Business groups have given high marks to David Vitter throughout his long political career while taking a dim view of John Bel Edwards, his opponent in the Nov. 21 governor’s runoff.
Conversely, labor unions say Edwards, a state representative from Amite, has stood behind working men and women during his eight years in the House while giving a thumbs-down to Vitter during his 24 years in Baton Rouge and Washington, D.C.
But two groups important to social conservatives — the National Rifle Association and Louisiana Right to Life — blur the distinctions somewhat by giving both men outstanding grades.
The Louisiana Family Forum — which opposes sexual education, gambling and abortion — gave Edwards an average score of 51 percent during his eight years in the State Capitol.
An analysis of the voting records of both candidates shows that Vitter has toed the conservative line as a Republican member of the state House, the U.S. House and now the U.S. Senate. Over the past seven years, he has been an implacable foe of President Barack Obama. During the previous eight years, he was a reliable supporter of President George W. Bush.
In the state House, Edwards has sided with fellow Democrats on the budget, taxes and public education, but he is out of step with his party nationally with his anti-abortion and pro-gun views. Over the past four years, he has led the Democrats’ opposition to Gov. Bobby Jindal.
If past is prologue, how the candidates have voted over the years provides a good gauge of what to expect from them as governor. It’s not a perfect measure, of course. Edwards and Lt. Gov. Jay Dardenne — who endorsed Edwards on Thursday — say Vitter has selectively highlighted obscure votes in attack ads to mislead the public about his record. A broad range of votes, though, does provide a more complete picture.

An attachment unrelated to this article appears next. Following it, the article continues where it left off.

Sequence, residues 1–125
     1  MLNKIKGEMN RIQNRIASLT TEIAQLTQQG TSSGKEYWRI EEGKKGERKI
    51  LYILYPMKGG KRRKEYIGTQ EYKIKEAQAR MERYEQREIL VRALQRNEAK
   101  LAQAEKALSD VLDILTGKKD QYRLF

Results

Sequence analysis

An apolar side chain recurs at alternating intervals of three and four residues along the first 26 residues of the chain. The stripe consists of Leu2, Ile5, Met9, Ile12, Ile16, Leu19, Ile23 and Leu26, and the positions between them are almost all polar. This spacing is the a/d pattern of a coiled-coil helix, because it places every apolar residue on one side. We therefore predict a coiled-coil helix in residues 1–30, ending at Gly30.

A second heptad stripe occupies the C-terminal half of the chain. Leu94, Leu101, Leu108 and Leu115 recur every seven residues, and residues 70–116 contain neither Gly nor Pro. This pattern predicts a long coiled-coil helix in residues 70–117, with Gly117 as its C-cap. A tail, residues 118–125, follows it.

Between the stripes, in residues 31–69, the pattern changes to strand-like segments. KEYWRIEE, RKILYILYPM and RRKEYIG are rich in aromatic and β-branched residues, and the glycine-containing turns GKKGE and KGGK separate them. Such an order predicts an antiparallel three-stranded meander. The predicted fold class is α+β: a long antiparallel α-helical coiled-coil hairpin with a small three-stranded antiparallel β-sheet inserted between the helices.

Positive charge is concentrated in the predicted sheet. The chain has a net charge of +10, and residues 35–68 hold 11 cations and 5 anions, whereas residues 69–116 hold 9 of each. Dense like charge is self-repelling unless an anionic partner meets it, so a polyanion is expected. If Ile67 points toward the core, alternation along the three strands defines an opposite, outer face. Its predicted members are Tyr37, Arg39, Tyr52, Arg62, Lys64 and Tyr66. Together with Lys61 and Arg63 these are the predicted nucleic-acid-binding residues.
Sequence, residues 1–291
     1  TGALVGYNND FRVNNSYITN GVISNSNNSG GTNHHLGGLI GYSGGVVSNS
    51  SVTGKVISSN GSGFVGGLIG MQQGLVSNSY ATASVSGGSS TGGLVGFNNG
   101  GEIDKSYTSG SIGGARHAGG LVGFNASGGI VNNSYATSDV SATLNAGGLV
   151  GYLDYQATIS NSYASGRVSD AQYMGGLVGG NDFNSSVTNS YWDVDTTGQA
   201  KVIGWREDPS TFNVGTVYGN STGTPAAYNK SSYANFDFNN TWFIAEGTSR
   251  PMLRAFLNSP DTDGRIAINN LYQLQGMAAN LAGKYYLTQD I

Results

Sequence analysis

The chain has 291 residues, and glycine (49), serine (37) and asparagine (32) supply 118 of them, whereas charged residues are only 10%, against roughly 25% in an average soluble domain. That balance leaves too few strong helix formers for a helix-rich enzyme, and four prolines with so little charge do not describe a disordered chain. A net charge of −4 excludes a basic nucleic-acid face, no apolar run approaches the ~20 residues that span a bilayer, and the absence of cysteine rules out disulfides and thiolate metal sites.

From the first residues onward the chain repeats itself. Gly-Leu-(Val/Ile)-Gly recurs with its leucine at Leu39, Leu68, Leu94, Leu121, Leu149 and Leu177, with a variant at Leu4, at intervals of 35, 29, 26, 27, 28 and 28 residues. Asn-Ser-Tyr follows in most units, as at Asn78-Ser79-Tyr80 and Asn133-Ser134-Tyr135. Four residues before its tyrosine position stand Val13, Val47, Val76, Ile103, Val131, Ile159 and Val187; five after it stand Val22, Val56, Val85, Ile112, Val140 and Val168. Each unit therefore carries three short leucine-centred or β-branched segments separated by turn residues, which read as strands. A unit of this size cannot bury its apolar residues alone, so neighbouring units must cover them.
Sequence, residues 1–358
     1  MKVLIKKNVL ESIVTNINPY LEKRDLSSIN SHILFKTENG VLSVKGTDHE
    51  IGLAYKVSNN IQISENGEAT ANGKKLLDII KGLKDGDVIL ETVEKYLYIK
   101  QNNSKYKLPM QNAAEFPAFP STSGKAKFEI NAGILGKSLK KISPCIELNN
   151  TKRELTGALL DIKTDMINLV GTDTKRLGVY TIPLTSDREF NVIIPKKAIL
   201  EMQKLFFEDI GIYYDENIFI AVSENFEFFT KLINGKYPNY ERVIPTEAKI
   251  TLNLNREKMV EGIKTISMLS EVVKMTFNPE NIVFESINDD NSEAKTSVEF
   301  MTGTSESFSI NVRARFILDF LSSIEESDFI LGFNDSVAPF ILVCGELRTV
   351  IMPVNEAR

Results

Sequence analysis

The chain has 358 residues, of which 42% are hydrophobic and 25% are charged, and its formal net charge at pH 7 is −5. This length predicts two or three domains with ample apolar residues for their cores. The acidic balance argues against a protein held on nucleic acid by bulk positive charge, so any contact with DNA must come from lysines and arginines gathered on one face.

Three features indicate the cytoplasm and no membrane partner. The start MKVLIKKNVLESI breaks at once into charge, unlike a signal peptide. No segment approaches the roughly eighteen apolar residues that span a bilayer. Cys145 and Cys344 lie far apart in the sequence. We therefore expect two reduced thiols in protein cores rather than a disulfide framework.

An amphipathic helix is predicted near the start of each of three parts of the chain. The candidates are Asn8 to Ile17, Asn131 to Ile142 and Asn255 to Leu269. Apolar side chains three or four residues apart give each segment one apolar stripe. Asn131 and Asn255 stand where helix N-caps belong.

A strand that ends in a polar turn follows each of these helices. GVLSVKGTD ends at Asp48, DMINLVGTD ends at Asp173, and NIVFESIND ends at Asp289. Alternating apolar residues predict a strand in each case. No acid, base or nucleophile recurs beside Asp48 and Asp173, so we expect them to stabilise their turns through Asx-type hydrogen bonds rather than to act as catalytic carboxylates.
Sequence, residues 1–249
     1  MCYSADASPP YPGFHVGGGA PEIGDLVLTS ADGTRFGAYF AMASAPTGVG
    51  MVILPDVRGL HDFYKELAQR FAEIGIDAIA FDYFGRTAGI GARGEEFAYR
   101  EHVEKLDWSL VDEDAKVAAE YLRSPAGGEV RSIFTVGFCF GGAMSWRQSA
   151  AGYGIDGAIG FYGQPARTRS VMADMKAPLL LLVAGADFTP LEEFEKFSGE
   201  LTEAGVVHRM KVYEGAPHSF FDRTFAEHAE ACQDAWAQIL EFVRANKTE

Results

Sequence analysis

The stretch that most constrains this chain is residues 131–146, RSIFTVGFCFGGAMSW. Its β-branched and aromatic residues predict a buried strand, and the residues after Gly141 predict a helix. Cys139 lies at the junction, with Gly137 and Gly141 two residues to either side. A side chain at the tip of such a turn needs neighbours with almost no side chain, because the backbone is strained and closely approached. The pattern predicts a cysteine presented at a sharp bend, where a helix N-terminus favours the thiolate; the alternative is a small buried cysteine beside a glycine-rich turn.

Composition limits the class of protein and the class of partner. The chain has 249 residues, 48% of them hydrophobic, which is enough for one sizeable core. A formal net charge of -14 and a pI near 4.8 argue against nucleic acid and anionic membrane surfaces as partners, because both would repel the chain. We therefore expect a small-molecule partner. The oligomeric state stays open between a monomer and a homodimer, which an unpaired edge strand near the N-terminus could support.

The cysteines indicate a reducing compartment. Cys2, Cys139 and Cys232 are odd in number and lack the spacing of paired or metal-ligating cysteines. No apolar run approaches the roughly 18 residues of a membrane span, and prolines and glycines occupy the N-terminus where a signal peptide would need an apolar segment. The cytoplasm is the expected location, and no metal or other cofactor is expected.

Perhaps no group in the state has a more closely watched voting scorecard than the Louisiana Association of Business and Industry, the state’s most powerful business lobby. From 1992-99, when Vitter served in the state House, he voted 95 percent of the time with LABI. Over the past eight years, Edwards voted 29 percent with LABI.
Similarly, Vitter has a 98 percent voting record with the National Federation for Independent Business since he was elected to Congress in 1999, while Edwards had a 32 percent mark in the state House. NFIB members overwhelmingly voted to endorse Vitter over Edwards.
For both LABI and NFIB, Edwards scores low in part because he favors raising the $7.25 per hour minimum wage, voted to curb a number of business tax breaks during the 2015 legislative session and has favored stronger controls on business aimed at reducing pollution and protecting workers.
On tax issues, Vitter was one of the 38 senators in 2009 who voted against Obama’s $787 billion plan to stimulate the depressed economy through spending programs and tax cuts.
Ironically, both Vitter and Edwards cast favorable votes on key measures that favored upper-income taxpayers and have been blamed for causing budget deficits in Washington and Baton Rouge.
In 2001, Vitter supported a huge tax cut pushed through Congress by President George W. Bush that gave half of the money to the wealthiest 5 percent of taxpayers and cost the federal Treasury $1.35 trillion over the next decade, according to a Washington Post analysis.
In 2008, Edwards was part of the unanimous state House vote that lowered taxes for wealthier people by repealing a key portion of the so-called Stelly Plan.